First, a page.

We can measure our parenting success by how well our children follow rules when out of our sight and not monitored by a teacher, coach, police or other authority. However, following the Vancouver Stanley Cup riots and the many arrested and charged when social media supplied cops with video evidence, our young folk should realize they cannot count on being unobserved any more, anywhere, any time. Even a person carrying no tech devices could observe them as I did last Thursday forenoon.
June 12 was warm and sunny as I walked from the Medical Building to the library. Teachers’ rotating picketing was underway. Four young teens gathered on the steps of the George Little band shell; one skateboarded short runs back and forth.
I met no one else until I turned in at the library.
A boy about 10 stood near the bicycle rack beside the garbage can, shifting from foot to foot, stuffing food into his mouth with both hands as though practising for a hot dog eating contest. A take-out drink waited on the concrete handrail. Clearly embarrassed to be seen by someone old enough to be his great-grandmother, this closet eater dithered for a second, the way a feeding squirrel pauses to assess danger, before wedging more food into his bulging cheeks.
I proceeded into the library: returned a book, and scanned titles of new non-fiction on the shelves near the washroom before going into the magazine area. There the boy sat on a sofa, reading. Though food and drink are prohibited in the library – a bold foyer sign says so – in full view on the coffee table in front of him was his takeout drink.
How had he evaded the desk clerk with his drink? The library was quiet, nearly empty – no kindergarten groups, no class tours, no bustle of patrons coming or going. Did his parents’ possess some personal clout that let him believe he had special permission to ignore library rules?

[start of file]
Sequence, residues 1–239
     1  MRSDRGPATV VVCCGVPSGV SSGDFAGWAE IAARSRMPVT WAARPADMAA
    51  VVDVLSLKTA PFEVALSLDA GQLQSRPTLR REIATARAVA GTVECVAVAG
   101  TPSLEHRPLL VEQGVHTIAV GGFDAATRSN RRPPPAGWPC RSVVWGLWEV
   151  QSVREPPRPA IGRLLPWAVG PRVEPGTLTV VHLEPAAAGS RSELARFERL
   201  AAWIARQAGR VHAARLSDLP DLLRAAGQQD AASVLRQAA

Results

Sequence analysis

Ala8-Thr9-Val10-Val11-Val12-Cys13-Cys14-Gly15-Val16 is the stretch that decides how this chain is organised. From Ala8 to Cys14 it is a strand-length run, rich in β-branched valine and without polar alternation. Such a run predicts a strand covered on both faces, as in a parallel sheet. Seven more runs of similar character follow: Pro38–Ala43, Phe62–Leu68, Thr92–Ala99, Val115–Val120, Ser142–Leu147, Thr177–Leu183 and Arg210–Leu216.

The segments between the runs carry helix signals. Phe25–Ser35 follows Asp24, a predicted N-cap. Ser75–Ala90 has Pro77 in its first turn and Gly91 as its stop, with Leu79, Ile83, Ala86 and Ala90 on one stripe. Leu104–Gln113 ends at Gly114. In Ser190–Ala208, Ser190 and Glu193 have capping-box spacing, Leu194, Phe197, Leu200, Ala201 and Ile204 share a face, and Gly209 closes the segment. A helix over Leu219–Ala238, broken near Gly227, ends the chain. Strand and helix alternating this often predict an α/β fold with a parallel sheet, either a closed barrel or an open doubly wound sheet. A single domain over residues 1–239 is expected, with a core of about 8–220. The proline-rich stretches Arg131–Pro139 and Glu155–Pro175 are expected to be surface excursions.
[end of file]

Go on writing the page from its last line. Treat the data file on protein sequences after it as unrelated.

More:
My time in the library was short, maybe 10 minutes. On my way out, on the walkway pavement beside the garbage can where the boy had stood I came upon a round, cocoa-coloured object, smaller than a golf ball, with a dusty appearance. When I nudged it with my toe it felt spongy and rolled toward the curb. Half a dozen more balls lay scattered about, and sitting upright among them, an empty TimBits box … all within arm’s reach of the garbage can.
A box of twenty TimBits costs $3.70. An average cold drink $2.
I reviewed events. The boy had been eating as I arrived. Except for the boy few if any patrons had entered the library after me. This kid was neatly dressed, his hair freshly barbered. If he could afford $5.70 for a mid-morning snack and discard a good portion of it on the ground, he wasn’t orphaned, poor or hungry. He was deliberately flouting rules including an $81 fine for wasteful unsightly littering.
My instincts told me to march back inside, sit down beside the kid and sternly say, “I noticed you left TimBits and a cardboard container scattered over the library walkway. How would you like to come pick them up and put them in the garbage can where they belong?”
Would he have argued, “I didn’t do it.”? Become nasty and let fly a string of four-letter words? Or owned up to his transgression and tided up behind himself, however unwillingly?
I’ll never know. Gutlessly, I let the incident slide by. But I fumed as I walked away and I’m still kicking myself for allowing him to go on thinking he’s safe to behave as he pleases so long as his parents don’t know.
Claudette Sandecki keeps a close eye on the world from her home in Thornhill – and when she’s out in Terrace, B.C.